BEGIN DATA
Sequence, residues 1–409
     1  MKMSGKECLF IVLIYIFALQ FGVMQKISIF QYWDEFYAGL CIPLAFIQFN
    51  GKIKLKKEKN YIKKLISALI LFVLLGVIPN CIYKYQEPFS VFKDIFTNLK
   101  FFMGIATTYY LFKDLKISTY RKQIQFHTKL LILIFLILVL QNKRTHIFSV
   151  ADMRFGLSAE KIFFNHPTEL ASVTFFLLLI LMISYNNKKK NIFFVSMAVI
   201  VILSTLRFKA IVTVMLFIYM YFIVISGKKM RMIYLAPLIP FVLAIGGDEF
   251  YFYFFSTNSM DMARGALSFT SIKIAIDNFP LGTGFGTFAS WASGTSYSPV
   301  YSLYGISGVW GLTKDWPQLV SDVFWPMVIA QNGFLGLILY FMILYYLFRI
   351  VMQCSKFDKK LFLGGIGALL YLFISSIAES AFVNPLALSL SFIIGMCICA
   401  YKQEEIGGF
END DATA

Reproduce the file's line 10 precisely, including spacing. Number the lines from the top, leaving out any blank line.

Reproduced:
   401  YKQEEIGGF